World's first total-body PET scanner takes a big step forward
The UC Davis-based EXPLORER consortium, which aims to build a revolutionary total-body PET (positron emission tomography) scanner, has announced the selection of two industry partners to help build the prototype device. They are United Imaging Healthcare America, a North American subsidiary of Shanghai United Imaging Healthcare, and SensL Technologies of Cork, Ireland.
Positron emission tomography, or PET, scanning uses short-lived radioactive tracers to show how organs and tissues are functioning in the body, while magnetic resonance imaging (MRI) and computed tomography (CT) scans mostly show anatomy. PET scans are widely used to diagnose and track a variety of illnesses, including cancer, heart disease and Alzheimer's disease.
The EXPLORER scanner will have over 560,000 detector elements and can view all organs of the body simultaneously, with a 40-fold increase in effective signal over current technology. That would both improve image quality and reduce radiation exposure to patients over conventional PET scanners, which can only image a small segment of the body at a time.
Impact on diagnostics and treatment
Total-body PET has the potential to impact clinical diagnostics, enable new fields of research and facilitate development of cures for a wide range of human diseases.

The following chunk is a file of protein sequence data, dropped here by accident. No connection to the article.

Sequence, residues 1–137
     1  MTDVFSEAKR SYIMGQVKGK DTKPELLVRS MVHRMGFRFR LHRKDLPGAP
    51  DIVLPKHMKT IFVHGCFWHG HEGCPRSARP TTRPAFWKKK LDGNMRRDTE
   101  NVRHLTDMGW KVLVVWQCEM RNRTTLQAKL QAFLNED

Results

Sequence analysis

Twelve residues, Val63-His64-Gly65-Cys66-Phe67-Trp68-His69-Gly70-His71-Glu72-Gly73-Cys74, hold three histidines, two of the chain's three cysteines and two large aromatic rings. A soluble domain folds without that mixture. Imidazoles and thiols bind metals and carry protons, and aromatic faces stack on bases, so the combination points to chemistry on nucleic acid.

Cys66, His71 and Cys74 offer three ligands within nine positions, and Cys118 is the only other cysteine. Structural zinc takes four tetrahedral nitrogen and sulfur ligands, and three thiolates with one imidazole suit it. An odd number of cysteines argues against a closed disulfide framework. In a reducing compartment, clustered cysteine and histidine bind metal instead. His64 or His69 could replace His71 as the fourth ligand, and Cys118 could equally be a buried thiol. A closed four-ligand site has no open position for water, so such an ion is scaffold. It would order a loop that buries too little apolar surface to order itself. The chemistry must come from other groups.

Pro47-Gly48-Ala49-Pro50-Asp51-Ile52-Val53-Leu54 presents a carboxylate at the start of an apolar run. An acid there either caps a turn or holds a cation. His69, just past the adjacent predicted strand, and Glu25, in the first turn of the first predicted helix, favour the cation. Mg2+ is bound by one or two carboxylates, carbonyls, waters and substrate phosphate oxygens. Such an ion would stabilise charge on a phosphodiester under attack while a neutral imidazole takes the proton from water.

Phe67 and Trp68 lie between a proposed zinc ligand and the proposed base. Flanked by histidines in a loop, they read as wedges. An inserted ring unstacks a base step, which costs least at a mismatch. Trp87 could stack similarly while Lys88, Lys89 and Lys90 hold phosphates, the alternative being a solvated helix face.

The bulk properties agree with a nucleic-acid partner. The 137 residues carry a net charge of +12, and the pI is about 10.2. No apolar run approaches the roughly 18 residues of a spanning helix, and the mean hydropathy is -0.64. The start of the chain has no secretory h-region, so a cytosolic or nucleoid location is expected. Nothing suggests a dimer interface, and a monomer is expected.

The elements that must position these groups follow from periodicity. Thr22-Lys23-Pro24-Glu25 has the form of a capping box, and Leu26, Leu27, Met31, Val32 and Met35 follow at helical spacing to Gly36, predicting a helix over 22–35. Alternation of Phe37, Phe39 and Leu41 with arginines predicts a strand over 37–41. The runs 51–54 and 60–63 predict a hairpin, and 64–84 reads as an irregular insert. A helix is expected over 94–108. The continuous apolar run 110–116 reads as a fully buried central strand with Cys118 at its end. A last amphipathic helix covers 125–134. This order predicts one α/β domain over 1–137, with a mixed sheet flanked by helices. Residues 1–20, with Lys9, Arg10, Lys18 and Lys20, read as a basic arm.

"A system with this detection sensitivity will dramatically improve our ability to study cancer and other diseases as well as advance diagnostic capabilities in our industry," said lead researcher Simon Cherry, professor in the UC Davis Department of Biomedical Engineering.
The EXPLORER consortium selected United Imaging Healthcare (UIH) America to build the first prototype total-body PET scanner after an extensive review of potential commercial partners.
"We are very proud to be selected to be part of the EXPLORER consortium and provide the system design support required to deliver a system capable of outstanding performance," said Hongdi Li, CEO of UIH America.
The detector technology in the scanner will incorporate the latest generation solid-state silicon photomultiplier light sensors, instead of the vacuum-based photomultiplier tubes used in conventional PET scanners.
"The use of silicon photomultiplier technology is rapidly replacing older photomultiplier tube technologies and provides improved resolution for a system of this scale," said Bryan Campbell, CEO of SensL, which will supply the detectors.
"We believe we have gathered leaders in the medical imaging field to quickly and cost effectively bring this technology to reality in an exciting and innovative way," said Ramsey Badawi, professor of radiology at UC Davis and co-leader of the project.
Delivery of the prototype scanner is expected in 2018.
More about EXPLORER
The EXPLORER consortium was formed in 2011 with the goal of building the first total-body PET scanner and also includes research groups at the University of Pennsylvania and the Lawrence Berkeley National Laboratory. Following initial feasibility studies, in September 2015 the consortium received a major grant from the National Institutes of Health to build the first prototype device. See EXPLORER.ucdavis.edu for more information.